Cell Phone Meets Laptop
Sometimes, great designs spring from humble beginnings. Digital Equipment Corp.'s Mobile Computing & Communication Appliance (MoCCA), for instance, started out as a tool for computer-repair workers, who needed a hands-free way to accept wiring diagrams and pointers from colleagues while up to their elbows in a computer cabinet.
It developed into a concept that is voice-based, wearable, and ultimately "producible" three to five years from now. DEC and its design partner, Fitch Inc., came up with a sleek concept that heralds the future fusion of the laptop computer, cellular phone, and handheld personal organizer. Says juror Peter Trussler, director of the corporate design group at Northern Telecom Ltd.: "It reflected where we think telecommunications and information is going."
As a "concept" winner, MoCCA relies on technologies that are still in the lab, such as quarter-inch translucent screens, wireless videoconferencing, and an operating system that runs entirely on spoken commands. The design team sweated over how to make a 4-in.-by-4-in. computer that people would want to pick up and use right away. The key was an ergonomically appealing red handle, which lets people unfold the two 3-in.-by-3-in. screens like butterfly wings or pages of a book. The handle also props up MoCCA like a picture frame on the desktop, and it houses a speaker and some serious electronics.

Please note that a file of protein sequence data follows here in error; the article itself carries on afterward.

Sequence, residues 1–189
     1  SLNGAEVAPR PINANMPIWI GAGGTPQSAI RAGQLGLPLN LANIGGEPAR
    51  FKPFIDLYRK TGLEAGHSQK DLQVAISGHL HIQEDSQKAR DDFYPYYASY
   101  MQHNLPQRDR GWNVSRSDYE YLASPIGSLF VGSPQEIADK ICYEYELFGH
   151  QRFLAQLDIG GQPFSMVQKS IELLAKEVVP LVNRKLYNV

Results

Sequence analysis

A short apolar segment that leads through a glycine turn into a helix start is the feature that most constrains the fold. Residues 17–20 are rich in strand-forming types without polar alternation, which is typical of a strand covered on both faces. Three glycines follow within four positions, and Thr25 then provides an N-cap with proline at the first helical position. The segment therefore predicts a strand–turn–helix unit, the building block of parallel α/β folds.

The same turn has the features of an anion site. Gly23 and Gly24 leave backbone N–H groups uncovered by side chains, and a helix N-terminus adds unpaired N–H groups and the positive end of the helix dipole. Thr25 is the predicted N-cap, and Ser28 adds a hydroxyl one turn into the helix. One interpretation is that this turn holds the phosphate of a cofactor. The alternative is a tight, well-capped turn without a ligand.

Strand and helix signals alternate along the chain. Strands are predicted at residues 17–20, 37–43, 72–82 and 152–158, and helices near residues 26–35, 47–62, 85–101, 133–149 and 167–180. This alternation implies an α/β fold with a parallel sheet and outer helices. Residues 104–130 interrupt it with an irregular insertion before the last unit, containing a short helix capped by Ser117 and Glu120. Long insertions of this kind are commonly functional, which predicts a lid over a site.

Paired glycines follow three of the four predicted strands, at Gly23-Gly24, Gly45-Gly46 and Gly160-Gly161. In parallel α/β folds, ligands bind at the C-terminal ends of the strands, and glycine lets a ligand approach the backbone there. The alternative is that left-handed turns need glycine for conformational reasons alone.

MoCCA could display different data on the two screens--a report or Web browser on one, an address book or calendar on the other. Tilting MoCCA would scroll the data up or down, and shaking it like an Etch A Sketch would clear the screen. When it is worn with a neck strap, a single screen pivots up to be viewed. Guesstimated price? $700.